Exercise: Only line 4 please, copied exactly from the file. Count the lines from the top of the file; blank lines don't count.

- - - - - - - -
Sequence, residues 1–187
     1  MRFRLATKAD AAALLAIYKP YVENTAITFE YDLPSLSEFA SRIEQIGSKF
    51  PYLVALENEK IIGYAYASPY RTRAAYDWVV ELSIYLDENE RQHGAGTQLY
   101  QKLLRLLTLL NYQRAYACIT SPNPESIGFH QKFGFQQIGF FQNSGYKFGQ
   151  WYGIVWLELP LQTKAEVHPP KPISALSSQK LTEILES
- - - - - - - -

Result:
   101  QKLLRLLTLL NYQRAYACIT SPNPESIGFH QKFGFQQIGF FQNSGYKFGQ